Event Title

Impacts of Rain and Snowmelt on Water Quality of Five Streams in Manitowoc County, Wisconsin

Mentor 1

Rebecca Abler

Mentor 2

Richard Hein

Location

Union Wisconsin Room

Start Date

24-4-2015 2:30 PM

End Date

24-4-2015 3:45 PM

Description

Since 2012, University of Wisconsin-Manitowoc has conducted water quality research on Centerville, Point, Fischer, Pine, and Calvin Creeks which flow through Southern Manitowoc County into Lake Michigan. The main focus of the research was to understand the effect of land use on water quality, and how this impacts Lake Michigan. In addition, we investigated the impact of rain events and snow melt on the level of runoff pollution in the streams. Specifically, our objectives were to collect water quality data by taking weekly samples of physical, nutrient, and biological parameters of the creeks throughout summer. Physical data collected included: temperature, turbidity, pH, conductivity and dissolved oxygen. Nutrient data collected included: total phosphate, dissolved phosphate and ammonia nitrogen (NH3, NH4). Finally, E.coli levels were monitored as a biological indicator of stream health. In addition to weekly sampling, when rain events occurred (accumulating one half inch or more of rain), samples were taken 24 and 48 hour post-rainfall to examine the effect on water quality. Snow melt samples were taken in the spring of 2014. Throughout summer, all five creeks showed unacceptably high levels of E. coli and phosphate, which are key runoff indicators and represent potential health concerns in the watershed. The highest levels of these indicators appear to correlate with higher overall rainfall in 2014 compared to 2012 and 2013, as well as spikes in levels after rain events. Spring 2014 data indicated that snow melt contributions of E. coli and phosphates were relatively low compared to summer levels. However, both of these indicators remained unacceptably high during snow melt sampling. Data indicate that multiple sources of runoff exist along all five creeks. As all sampled creeks flow into Lake Michigan, they are likely contributors to bacterial contamination and algal blooms along the shoreline. The relatively higher rainfall contributions suggest that management of land use around rain events is key to preserving water quality in the creeks as well as Lake Michigan.

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Apr 24th, 2:30 PM Apr 24th, 3:45 PM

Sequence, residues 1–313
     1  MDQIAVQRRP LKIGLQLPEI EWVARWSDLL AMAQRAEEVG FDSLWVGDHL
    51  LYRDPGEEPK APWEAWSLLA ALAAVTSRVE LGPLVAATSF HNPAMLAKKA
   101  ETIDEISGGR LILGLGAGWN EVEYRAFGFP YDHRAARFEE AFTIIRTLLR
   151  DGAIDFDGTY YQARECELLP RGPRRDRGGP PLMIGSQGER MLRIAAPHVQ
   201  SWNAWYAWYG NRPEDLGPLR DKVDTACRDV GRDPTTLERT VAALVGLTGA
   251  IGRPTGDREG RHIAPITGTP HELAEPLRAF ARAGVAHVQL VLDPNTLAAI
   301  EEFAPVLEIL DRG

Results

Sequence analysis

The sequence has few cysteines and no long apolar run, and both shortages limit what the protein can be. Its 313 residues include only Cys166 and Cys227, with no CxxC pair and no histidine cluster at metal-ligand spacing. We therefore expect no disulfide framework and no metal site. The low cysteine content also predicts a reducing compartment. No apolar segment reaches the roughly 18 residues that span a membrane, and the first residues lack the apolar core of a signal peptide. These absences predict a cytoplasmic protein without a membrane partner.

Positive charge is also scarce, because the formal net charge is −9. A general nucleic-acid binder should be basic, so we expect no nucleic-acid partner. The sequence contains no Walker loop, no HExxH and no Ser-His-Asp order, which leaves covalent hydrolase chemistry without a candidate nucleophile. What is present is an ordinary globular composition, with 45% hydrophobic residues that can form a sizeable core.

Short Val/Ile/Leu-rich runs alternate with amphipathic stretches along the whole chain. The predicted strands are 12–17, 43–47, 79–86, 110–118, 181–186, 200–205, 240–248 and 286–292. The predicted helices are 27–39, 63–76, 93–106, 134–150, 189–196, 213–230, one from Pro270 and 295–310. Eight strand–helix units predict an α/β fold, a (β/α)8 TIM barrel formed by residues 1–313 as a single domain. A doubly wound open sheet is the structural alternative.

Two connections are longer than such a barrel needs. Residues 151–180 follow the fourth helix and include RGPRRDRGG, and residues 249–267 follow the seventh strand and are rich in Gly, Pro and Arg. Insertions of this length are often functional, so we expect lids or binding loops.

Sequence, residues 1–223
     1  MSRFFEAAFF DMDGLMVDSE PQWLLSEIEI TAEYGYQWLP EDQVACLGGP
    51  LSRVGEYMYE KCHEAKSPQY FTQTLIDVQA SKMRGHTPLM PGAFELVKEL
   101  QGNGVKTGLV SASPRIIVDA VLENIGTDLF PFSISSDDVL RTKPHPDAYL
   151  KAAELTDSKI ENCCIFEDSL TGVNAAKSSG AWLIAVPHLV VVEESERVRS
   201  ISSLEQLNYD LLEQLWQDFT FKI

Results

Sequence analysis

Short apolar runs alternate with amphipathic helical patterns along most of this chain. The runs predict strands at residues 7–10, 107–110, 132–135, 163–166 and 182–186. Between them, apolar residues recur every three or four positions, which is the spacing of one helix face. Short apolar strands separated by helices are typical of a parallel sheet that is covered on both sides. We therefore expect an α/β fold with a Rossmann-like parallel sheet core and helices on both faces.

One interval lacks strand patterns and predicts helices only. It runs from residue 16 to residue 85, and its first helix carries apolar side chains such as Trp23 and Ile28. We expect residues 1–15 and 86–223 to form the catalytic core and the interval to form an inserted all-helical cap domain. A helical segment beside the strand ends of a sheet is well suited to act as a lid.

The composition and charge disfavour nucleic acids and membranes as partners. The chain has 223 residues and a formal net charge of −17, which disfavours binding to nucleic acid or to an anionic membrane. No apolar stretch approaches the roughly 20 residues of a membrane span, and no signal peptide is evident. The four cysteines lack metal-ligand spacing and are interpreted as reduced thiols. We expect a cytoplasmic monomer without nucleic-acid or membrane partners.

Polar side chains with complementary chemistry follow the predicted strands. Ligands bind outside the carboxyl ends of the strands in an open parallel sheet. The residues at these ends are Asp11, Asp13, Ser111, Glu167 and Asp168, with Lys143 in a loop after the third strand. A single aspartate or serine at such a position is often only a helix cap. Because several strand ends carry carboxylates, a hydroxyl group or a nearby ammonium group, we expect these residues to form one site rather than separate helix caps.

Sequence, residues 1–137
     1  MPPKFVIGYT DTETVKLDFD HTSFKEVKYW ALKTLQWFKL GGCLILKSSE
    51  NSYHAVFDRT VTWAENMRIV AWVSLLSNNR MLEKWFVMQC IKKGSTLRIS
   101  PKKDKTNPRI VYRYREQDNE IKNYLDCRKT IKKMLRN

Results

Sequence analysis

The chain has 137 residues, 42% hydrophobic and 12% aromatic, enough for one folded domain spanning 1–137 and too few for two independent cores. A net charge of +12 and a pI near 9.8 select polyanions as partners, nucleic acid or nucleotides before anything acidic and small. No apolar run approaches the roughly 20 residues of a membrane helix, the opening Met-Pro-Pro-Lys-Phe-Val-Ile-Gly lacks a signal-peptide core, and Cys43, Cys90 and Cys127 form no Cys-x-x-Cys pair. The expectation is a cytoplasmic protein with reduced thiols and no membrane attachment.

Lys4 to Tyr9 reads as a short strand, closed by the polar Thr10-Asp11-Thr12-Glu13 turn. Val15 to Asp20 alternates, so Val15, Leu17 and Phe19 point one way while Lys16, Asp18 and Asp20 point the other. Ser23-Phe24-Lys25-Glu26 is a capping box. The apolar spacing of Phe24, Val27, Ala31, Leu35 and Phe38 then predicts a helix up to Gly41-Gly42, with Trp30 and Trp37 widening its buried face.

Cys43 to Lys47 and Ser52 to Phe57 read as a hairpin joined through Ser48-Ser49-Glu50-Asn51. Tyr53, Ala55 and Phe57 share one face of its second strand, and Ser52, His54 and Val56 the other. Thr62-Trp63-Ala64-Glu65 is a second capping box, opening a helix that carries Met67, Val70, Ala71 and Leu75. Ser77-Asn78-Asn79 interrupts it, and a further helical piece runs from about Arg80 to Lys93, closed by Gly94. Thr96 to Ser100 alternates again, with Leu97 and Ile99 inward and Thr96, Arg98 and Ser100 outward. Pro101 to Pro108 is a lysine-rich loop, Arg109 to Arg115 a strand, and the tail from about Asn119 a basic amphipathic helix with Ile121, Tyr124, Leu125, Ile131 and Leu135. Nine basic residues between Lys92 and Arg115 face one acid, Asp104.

Impacts of Rain and Snowmelt on Water Quality of Five Streams in Manitowoc County, Wisconsin

Union Wisconsin Room

Since 2012, University of Wisconsin-Manitowoc has conducted water quality research on Centerville, Point, Fischer, Pine, and Calvin Creeks which flow through Southern Manitowoc County into Lake Michigan. The main focus of the research was to understand the effect of land use on water quality, and how this impacts Lake Michigan. In addition, we investigated the impact of rain events and snow melt on the level of runoff pollution in the streams. Specifically, our objectives were to collect water quality data by taking weekly samples of physical, nutrient, and biological parameters of the creeks throughout summer. Physical data collected included: temperature, turbidity, pH, conductivity and dissolved oxygen. Nutrient data collected included: total phosphate, dissolved phosphate and ammonia nitrogen (NH3, NH4). Finally, E.coli levels were monitored as a biological indicator of stream health. In addition to weekly sampling, when rain events occurred (accumulating one half inch or more of rain), samples were taken 24 and 48 hour post-rainfall to examine the effect on water quality. Snow melt samples were taken in the spring of 2014. Throughout summer, all five creeks showed unacceptably high levels of E. coli and phosphate, which are key runoff indicators and represent potential health concerns in the watershed. The highest levels of these indicators appear to correlate with higher overall rainfall in 2014 compared to 2012 and 2013, as well as spikes in levels after rain events. Spring 2014 data indicated that snow melt contributions of E. coli and phosphates were relatively low compared to summer levels. However, both of these indicators remained unacceptably high during snow melt sampling. Data indicate that multiple sources of runoff exist along all five creeks. As all sampled creeks flow into Lake Michigan, they are likely contributors to bacterial contamination and algal blooms along the shoreline. The relatively higher rainfall contributions suggest that management of land use around rain events is key to preserving water quality in the creeks as well as Lake Michigan.